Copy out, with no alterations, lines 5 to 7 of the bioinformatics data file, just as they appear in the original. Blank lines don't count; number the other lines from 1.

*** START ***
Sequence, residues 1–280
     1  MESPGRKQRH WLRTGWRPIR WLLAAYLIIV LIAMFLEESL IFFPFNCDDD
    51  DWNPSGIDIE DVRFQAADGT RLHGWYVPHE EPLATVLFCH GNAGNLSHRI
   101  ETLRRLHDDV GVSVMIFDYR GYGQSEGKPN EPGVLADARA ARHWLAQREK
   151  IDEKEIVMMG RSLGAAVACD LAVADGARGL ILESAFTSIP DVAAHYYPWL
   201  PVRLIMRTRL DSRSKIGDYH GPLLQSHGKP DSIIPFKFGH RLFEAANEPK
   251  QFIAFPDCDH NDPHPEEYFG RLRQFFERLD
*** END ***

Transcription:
   151  IDEKEIVMMG RSLGAAVACD LAVADGARGL ILESAFTSIP DVAAHYYPWL
   201  PVRLIMRTRL DSRSKIGDYH GPLLQSHGKP DSIIPFKFGH RLFEAANEPK
   251  QFIAFPDCDH NDPHPEEYFG RLRQFFERLD